Beechwood, Ohio – The digital divide in Northeast Ohio affects families in many different ways from education to employment. The Phe’be Foundation’s Wired 2 Work program aims to tackle employment by paying families online to help adults keep their jobs, like Jessica Keys.
“I am a collection agent. At first, we advocate for debt collectors,” Keys said. “So when the pandemic hit a lot of people were out of work. They were not – not alone – able to provide for their families, but they were unable to take care of their former due dates. So it affected my work in a big way.”
Keys said that during the pandemic, her employer allowed her to work remotely, but she had trouble providing high-speed internet, which affected the number of calls she could make and her paycheck.
“It was a little confusing and with not being able to have the capabilities to work the way I needed to work, I was losing money,” Keys said.
She turned to Wired 2 Work, an initiative started by Phe’be, a nonprofit for financial literacy education in Cuyahoga County.
CEO Sharon Murphy Williams said that when the pandemic hit and things became virtual, they realized they couldn’t reach many of their customers due to the digital divide, so they started the program, geared specifically to adults who need the internet to keep their jobs.
“We’ve created a fund, if you will, where we help people bridge the financial divide of the digital divide. Up to one year, we’ll pay for someone’s internet service,” Murphy Williams said. “We went out of the traditional box to help those who always had help, we met where our seniors were, and we had to provide hotspots that were in broken-down shelters just to get access to their banking because we saw a lot of bank fraud through seniors.”
“We provided hotspots for college students in Cleveland who live in men’s shelters, who use the campus library to finish their work, do their school, and when the campus is closed like in the country — how did they do that?” said Murphy Williams. We were able to be one of those vehicles that they could use and they didn’t have to be on public assistance or have a disability.”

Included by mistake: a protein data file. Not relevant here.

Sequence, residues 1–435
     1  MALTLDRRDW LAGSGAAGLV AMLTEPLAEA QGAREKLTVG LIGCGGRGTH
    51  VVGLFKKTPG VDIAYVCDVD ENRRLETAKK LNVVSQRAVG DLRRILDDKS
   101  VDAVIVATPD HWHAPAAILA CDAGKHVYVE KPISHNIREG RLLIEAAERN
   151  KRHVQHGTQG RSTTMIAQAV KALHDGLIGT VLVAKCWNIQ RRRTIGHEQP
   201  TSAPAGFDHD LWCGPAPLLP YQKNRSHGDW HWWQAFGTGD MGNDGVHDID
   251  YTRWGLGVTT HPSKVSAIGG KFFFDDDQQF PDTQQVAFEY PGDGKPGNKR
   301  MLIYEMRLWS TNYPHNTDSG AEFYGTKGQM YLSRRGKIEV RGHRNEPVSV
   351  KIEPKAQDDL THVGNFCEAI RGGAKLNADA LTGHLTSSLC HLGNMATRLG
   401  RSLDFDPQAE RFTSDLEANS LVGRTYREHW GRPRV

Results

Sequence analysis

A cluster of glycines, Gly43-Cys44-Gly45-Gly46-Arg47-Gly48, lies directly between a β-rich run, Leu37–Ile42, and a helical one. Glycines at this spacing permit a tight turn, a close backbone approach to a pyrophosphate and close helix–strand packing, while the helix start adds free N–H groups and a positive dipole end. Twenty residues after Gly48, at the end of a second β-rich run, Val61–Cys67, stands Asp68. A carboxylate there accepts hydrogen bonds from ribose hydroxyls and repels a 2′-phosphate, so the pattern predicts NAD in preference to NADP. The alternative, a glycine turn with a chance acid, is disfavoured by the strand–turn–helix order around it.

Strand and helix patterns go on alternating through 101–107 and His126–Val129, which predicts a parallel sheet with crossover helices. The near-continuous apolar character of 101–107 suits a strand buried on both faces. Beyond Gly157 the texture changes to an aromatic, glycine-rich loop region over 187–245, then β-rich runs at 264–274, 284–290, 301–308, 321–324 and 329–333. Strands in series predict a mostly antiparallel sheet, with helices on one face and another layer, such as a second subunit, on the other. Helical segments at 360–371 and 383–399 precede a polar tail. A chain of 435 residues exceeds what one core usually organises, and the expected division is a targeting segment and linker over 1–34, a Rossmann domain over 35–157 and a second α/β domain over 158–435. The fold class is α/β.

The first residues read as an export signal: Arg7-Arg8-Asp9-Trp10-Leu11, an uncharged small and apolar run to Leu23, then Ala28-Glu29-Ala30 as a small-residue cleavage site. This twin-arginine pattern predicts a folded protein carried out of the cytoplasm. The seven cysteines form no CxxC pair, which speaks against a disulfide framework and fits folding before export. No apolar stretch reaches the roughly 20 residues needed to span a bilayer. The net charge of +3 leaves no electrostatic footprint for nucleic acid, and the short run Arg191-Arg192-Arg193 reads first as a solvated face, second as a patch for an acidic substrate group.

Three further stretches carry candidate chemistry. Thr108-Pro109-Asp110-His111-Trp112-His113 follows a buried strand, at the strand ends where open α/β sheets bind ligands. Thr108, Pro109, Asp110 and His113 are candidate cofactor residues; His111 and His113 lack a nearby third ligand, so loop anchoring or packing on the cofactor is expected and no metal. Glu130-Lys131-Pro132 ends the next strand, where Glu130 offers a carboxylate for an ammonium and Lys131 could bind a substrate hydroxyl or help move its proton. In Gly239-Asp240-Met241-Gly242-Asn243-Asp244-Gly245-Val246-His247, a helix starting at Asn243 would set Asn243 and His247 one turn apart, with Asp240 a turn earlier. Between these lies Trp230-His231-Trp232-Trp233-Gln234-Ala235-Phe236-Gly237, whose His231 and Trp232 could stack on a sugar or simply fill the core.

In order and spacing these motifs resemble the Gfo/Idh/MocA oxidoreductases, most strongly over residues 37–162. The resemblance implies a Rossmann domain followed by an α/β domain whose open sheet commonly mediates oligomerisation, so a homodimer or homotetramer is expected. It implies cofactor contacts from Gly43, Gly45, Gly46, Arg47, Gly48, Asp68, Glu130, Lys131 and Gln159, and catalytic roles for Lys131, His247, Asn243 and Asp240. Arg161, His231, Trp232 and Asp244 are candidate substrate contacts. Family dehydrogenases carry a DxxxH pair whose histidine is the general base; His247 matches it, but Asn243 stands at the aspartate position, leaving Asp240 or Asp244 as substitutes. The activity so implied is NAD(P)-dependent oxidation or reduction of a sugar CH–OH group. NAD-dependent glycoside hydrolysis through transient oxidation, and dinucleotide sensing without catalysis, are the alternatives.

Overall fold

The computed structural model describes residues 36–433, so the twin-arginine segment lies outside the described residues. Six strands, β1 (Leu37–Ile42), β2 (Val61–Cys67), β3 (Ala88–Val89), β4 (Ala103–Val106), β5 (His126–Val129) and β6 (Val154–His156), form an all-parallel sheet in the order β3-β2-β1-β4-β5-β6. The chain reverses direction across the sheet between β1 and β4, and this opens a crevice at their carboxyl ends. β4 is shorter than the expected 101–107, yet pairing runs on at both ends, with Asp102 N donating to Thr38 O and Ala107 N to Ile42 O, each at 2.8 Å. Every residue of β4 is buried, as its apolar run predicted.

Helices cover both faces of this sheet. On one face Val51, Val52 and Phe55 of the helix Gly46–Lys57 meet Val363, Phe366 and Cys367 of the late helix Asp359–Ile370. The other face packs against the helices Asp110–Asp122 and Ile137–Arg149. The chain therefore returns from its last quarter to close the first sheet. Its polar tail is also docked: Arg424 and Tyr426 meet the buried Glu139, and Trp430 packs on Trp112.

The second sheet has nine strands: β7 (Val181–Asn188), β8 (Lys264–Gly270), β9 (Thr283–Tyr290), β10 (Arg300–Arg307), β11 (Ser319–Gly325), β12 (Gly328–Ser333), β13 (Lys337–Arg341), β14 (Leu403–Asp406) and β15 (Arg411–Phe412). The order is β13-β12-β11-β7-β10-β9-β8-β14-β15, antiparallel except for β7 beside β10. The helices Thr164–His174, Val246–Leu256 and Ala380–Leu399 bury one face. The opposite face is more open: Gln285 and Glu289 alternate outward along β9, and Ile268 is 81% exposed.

It was funded with contributions from Fifth Bank, Dominion East Ohio, and nearly $25,000 from the United Black Fund alone.
“In a world where things are rapidly becoming virtual, our quick decision was to fund this effort,” United Black Box CEO Cecil Lipscombe said.
So far, it has connected 67 families and more than 500 individuals.
All people have to do to sign up for the program is show that they need help – even if they still have an income.
“I was working for pay. And usually, when you hear about programs like this, you’re going to need — at the end of the pandemic — to be unemployed. You’re going to need to have kids, get financial help, and I didn’t have any of that,” Keys said. Very much when I found an organization that offered me some form of help, even though I was an employee.”
The results have been fantastic, said Murphy Williams.
“We’ve been able to help people keep working, and we have the option to work from home, as this internet service has allowed them to choose and keep their jobs,” Murphy Williams said. “We have some kids who have actually been able to go to their graduation, because it was virtual. We just watched people get better.”
She said she’s even seen some people get back on their feet after a few months and pay the rest of their service to someone else in need, as did Keys.
“I was able to use their help for about six months. Then, I was able to go ahead and reconfigure my budget, and I was able to give those other six months back to someone else who was in my position who could use it,” Keys said. “I was very fortunate to have the organization and someone like Miss Murphy Williams, who sat down, looked at my budget and helped me initially to be able to help someone else.”
Lipscomb said the program is a work in progress, but it has many success stories.
“But as we know, the world is making a decision now, whether we will expand this virtual environment or whether we will withdraw from it. So, my fear is that people will not get job opportunities in the future… We will continue to support Wired 2 Work. But there is more in the The future “We have to do more and more money to get people to have access to Internet computers and just have a critical understanding of how this digital age came about,” Lipscomb said.
Wired 2 Work is open to people in need across Northeast Ohio, not just in Cuyahoga County. Murphy Williams said the Phe’be Foundation began a fundraiser in April to win more funding for the program. For more information, scan the QR code below or text “CONNECTCLE” to 44-321.
Jed Jarvis is a reporter for News 5 Cleveland. follow her on facebook, Twitter, and Instagram.
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